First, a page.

If I needed to filter the power supply to the nano, I would use a ferrite bead instead of the resistor.
The thing about linear regulators, such as that in the Arduino Nano, is that they don't react fast enough (have a high enough bandwidth) at higher frequencies so they can't filter out high frequency noise from things that switch (like motor drivers). They react fast enough to slower changes (lower frequencies) appearing on their input so that the output remains constant, essentially filtering out the noise, but not high frequencies.
You normally want to get short out the noise (give it a low impedance path to ground) before it gets to the sensitive components with parallel capacitors if you can. Capacitors are more ideal than like inductors, ferrite beads (a specialized lossy inductor). They also have less loss than than series filtering components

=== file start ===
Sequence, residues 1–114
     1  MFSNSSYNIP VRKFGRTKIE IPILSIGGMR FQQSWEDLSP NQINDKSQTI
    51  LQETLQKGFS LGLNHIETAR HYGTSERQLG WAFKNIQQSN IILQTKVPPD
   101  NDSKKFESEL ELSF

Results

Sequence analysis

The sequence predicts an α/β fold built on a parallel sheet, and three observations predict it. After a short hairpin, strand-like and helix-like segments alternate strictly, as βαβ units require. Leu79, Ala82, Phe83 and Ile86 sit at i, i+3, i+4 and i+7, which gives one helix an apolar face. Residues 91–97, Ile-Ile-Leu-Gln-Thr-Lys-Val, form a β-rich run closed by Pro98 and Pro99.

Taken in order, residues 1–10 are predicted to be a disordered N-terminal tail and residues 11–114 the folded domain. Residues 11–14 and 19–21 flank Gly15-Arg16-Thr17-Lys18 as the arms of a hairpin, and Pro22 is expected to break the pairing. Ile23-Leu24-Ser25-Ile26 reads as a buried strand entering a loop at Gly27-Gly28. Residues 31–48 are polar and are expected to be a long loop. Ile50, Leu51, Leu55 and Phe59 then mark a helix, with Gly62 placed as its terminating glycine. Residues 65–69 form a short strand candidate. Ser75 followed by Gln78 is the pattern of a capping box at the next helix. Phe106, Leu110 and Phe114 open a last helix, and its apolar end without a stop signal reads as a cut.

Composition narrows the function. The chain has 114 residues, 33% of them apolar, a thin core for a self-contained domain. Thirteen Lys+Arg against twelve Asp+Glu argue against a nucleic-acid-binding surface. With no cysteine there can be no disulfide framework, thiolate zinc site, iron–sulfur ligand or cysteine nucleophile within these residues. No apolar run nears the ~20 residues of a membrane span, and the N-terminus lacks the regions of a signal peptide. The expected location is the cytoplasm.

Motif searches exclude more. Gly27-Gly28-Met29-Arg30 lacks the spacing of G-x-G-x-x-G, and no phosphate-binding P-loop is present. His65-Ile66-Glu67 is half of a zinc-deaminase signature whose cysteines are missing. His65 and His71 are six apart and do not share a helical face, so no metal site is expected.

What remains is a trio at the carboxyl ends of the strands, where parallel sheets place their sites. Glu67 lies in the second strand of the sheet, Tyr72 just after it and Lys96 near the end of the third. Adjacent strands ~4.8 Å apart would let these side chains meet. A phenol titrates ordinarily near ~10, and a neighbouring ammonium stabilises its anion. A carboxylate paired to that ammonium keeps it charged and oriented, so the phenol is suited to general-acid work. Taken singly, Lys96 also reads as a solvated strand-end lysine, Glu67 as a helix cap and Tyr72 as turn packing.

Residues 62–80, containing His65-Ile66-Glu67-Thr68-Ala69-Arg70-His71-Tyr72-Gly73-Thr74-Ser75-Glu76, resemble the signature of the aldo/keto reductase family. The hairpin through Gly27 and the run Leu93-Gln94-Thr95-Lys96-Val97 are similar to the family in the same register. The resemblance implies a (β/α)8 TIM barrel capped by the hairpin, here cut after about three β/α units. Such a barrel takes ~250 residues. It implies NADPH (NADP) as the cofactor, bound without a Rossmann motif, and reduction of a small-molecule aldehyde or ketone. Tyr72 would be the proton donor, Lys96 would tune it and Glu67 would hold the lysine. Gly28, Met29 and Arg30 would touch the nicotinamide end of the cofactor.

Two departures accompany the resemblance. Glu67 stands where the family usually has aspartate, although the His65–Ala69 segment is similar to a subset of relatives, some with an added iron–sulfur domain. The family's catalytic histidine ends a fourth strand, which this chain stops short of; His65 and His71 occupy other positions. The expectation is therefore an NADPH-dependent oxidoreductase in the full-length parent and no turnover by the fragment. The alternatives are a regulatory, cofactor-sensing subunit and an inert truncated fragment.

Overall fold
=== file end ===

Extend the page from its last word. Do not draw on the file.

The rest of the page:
But capacitors have a parasitic series inductance that will limit how well they pass really high frequencies which directly influences how well they appear as a short-circuit to GND to noise. It is usually at this point when you start throwing in ferrite beads. You tend not to want to throw in ferrite beads or inductors because they resonate with the capacitor (and other parasitics) and if they resonate at your more prominent noise frequencies, they will actually amplify that noise rather than supress it.